Lib Dem MP Sarah Olney said it was a “disgrace” that despite Article 50 being triggered these key workers have still not been given reassurance over their future.

The representative for Richmond said: “Those MPs in London who voted against the right of EU nationals to stay should be ashamed. Our city’s top hospitals rely on nurses and doctors from the EU working hard to save lives every day. It’s a disgrace that their rights were not guaranteed ahead of Theresa May triggering Article 50.”

New statistics show 698 nurses left NHS trusts in London in 2016, compared to 542 two years ago – an increase of 28 percent.

Croydon Health Services, King’s College Hospital, Royal Free London and Imperial College Healthcare all saw the largest number of staff leaving.

However London’s Tory MPs who blocked EU workers rights from being enshrined in the Brexit Bill said the Government will ensure they are a priority.

Greg Hands, MP for Chelsea & Fulham, said: “Nobody is keener than me on seeing a deal done for EU nationals, with 17 percent of my constituency being from other EU member states.

“We want, hope and expect to guarantee the rights of EU nationals living in the UK, as well as UK nationals living in the EU, at an early stage of negotiations.”

A Department for Health spokesperson said: “Overseas workers form a crucial part of our NHS and we value their contribution immensely.

“The Prime Minister has been clear that she wants to protect the status of EU nationals already living here – that includes those working in the NHS.”

Doctor 'sent death threat in row with neighbours over pruning plants'

A retired doctor who was locked in a bitter dispute with his neighbours received a death threat after pruning roses hanging over his garden fence, a court heard.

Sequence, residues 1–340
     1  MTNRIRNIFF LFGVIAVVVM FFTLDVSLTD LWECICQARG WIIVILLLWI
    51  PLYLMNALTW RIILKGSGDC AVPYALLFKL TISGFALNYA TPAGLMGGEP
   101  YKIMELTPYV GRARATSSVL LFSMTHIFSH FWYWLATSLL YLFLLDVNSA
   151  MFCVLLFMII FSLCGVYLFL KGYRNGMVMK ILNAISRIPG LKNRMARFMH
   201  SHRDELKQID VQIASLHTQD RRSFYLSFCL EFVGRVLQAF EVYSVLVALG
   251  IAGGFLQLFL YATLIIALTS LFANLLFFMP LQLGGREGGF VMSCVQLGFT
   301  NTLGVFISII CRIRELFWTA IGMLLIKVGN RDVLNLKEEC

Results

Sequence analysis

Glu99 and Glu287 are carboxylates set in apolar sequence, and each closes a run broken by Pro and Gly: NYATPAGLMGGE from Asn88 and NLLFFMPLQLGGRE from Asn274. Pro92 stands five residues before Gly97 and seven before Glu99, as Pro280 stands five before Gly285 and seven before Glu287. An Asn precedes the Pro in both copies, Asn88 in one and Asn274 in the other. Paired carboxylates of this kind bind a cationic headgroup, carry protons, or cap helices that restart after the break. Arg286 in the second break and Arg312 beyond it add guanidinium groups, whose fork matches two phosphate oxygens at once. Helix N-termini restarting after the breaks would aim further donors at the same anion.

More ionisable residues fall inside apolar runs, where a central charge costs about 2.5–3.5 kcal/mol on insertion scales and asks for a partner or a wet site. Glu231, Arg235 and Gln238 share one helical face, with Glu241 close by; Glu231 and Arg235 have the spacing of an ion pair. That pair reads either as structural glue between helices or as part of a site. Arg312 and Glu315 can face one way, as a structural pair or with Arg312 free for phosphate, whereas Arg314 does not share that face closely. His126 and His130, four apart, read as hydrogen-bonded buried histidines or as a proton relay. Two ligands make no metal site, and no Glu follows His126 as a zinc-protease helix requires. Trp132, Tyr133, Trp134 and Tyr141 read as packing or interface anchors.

Dr Mathiaparanam Sreetharan, 73, was told in a note: “Cut my plants again and you will die.”

He found the “shocking” threat posted on his fence last summer as relations with mother and daughter Rosa and Rebecca Rahman, 46, turned nasty.

Wimbledon magistrates’ court heard that the neighbours had fallen out over plants and branches hanging over their shared back fence in Balham Park Road, Balham.

Rebecca Rahman, a production manager, told the Sri Lankan-born doctor: “People in this country have a garden. Where you come from is just mud huts and no garden.”

Her 75-year-old mother, who believed the doctor had poured weedkiller over the fence, was convicted of assaulting Dr Sreetharan by pushing him in the shoulder while calling him a “nasty little man”.

Giving evidence, Rosa Rahman said: “My life is the garden. I spent a lot of money on it and he started cutting everything he could reach.

“It’s my life’s work and he’s ruined everything. He was ruining my garden… I was very angry, I just looked at my plants and cried.”

Dr Sreetharan told the court: “I was clearing plants that had come onto my side of the property. The neighbours were there shouting at me, very abusive language.”

He claimed to be scared for his life when he found the “death note”, and also captured Rebecca Rahman on tape as she made the “mud huts” comment.

She admitted racially aggravated threatening behaviour and harassment, and her mother was convicted of the assault which was witnessed by a third party.

District Judge Barbara Barnes cleared the women of arming themselves with bricks during the dispute.

She acquitted Rosa Rahman of harassment and making a racist remark, and dismissed Dr Sreetharan’s claim that he had been scared for his life.